Besides the notable revolutionary truck design change, EMD insisted on updating the microprocessor control system and increasing the horsepower output from 3,800 to 4,000hp with an updated version of the existing 16-710G3 (known as the "16-710G3B") in a response to GE's ever-dominant C40-8 model. Unfortunately, the debut of the C44-9W in 1993 nearly spelled the end, for the lackluster sales of the SD70 and subsequent SD70M meant that AC-traction technology and cheaper alternatives from the competition meant the line was reaching it's unfortunate end. Though, wasn't until 1999 when Union Pacific (UP) placed a massive order of over 1,000 units; literally saving the DC-traction portion of the line (with the exception of the SD70I and subsequent SD75 models). However, as a result of the FRA's "Safety Cab" requirement for newly-manufactured locomotives built for Class 1 railroads effective in 1995, the so-called "original" SD70 model was ultimately discontinued from the primary market, and only offered for export, Class 2, or Class 3 production. However, NS bypassed the restrictions for the 24 Conrail units in 1998 as a result of the impending merger that was well underway in the following months, meaning that Conrail was merely a trademark or an entity rather than a Class 1 railroad. IC; being a Class 2 railroad, was excluded from said requirement.

Spotting FeaturesEdit

Although very similar in appearance to an SD50 or SD60, the SD70 has a few distinct features that give its notable appearance:

  • The first feature being the presence of the HTCR-II radial trucks as opposed to having "Flexicoil Type-C" (Flexicoil) or "HT-C" (HTC) trucks on previous models.
  • A brake wheel or handbrake can be found located towards the rear of the long hood section of the carbody on the engineer's side.
  • A small intake vent for cooling the traction motors can be seen on the opposite face of the handbrake on the conductor's side. 
  • Large, distinct bulge for housing the on-board microprocessor computer equipment located on engineer's side of the nose (front hood or short hood).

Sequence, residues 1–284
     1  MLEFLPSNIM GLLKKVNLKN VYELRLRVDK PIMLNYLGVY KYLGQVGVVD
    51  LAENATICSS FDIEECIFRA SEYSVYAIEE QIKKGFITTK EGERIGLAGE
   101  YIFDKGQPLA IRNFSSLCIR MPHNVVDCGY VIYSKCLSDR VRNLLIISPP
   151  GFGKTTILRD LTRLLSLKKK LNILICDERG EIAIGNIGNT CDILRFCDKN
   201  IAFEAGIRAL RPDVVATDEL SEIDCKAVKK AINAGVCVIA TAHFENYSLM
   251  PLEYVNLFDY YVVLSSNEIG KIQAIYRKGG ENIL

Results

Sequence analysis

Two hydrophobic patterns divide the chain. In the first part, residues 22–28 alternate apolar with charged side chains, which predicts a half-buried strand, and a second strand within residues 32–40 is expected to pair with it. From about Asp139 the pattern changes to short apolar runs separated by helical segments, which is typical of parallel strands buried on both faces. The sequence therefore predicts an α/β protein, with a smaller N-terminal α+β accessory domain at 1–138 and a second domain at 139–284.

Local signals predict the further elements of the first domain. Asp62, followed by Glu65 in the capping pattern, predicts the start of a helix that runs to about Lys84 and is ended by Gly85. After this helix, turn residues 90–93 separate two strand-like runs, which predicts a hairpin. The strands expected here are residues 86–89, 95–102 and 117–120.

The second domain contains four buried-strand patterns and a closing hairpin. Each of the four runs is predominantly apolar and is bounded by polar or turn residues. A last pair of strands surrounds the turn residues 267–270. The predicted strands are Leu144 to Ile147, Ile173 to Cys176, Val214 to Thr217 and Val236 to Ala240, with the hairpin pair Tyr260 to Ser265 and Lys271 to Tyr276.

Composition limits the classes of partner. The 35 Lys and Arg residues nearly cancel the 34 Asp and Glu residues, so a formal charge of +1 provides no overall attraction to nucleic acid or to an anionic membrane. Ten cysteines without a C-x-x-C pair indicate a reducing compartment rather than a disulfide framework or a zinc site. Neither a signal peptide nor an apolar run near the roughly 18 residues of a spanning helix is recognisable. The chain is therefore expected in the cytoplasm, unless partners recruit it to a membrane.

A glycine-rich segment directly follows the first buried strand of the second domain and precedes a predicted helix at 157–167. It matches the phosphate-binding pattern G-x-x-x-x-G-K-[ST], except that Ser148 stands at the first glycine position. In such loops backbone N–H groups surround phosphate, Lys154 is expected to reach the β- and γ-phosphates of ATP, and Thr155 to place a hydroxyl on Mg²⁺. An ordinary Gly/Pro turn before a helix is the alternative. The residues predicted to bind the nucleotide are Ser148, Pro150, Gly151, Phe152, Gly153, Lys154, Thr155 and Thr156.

Specifications Edit

Model SD70 SD70I SD70M
Production Dates 1993-1999 1995 1992-2004
Total Built 122 26 1,646*
Length 72' 4" 72' 4" 72' 4"
Wheel Arrangement C-C C-C C-C
Engine 16-710G3B 16-710G3B 16-710G3B
Horsepower 4,000 4,000 4,000
Alternator  AR20 AR20 AR20
Traction Motors D90TR D90TR D90TR
Weight x 1,000lbs.  394,000 398,000 390-400,000

Note*: SD70M available for export beginning 2005. 

Production RosterEdit

Owner Quantity Status Date Built
Conrail (CR) 24 Most in service with NS (some stored) 1997-1998
Illinois Central (IC) 40 Most in service with CN (some wrecked) 1995-1999
Norfolk Southern (NS) 56 Most in service with NS (some stored) 1993-1994
Southern Peru Copper Corporation (SPCC) 2 Both units in active service.  Unknown


CN has utilized several of their IC SD70 units in DPU service by retrofitting them with the proper radio and microprocessor equipment. Said units can often be found with some of their C40-8 and C40-8M units. 


Sources Edit


CN Train Spotting RARE!!! CN 2293 IC 1005 & DPU IC 1007 Leads CN 111 West 7 10 7 10 12

CN Train Spotting RARE!!! CN 2293 IC 1005 & DPU IC 1007 Leads CN 111 West 7 10 7 10 12

An ex-IC CN SD70 serving as a rear train DPU on an intermodal.

CN Train Spotting HD IC SD70 1009 Mid DPU On CN 347 At Jasper AB 1 9 7 7 13

CN Train Spotting HD IC SD70 1009 Mid DPU On CN 347 At Jasper AB 1 9 7 7 13

CN SD70 mid-train DPU.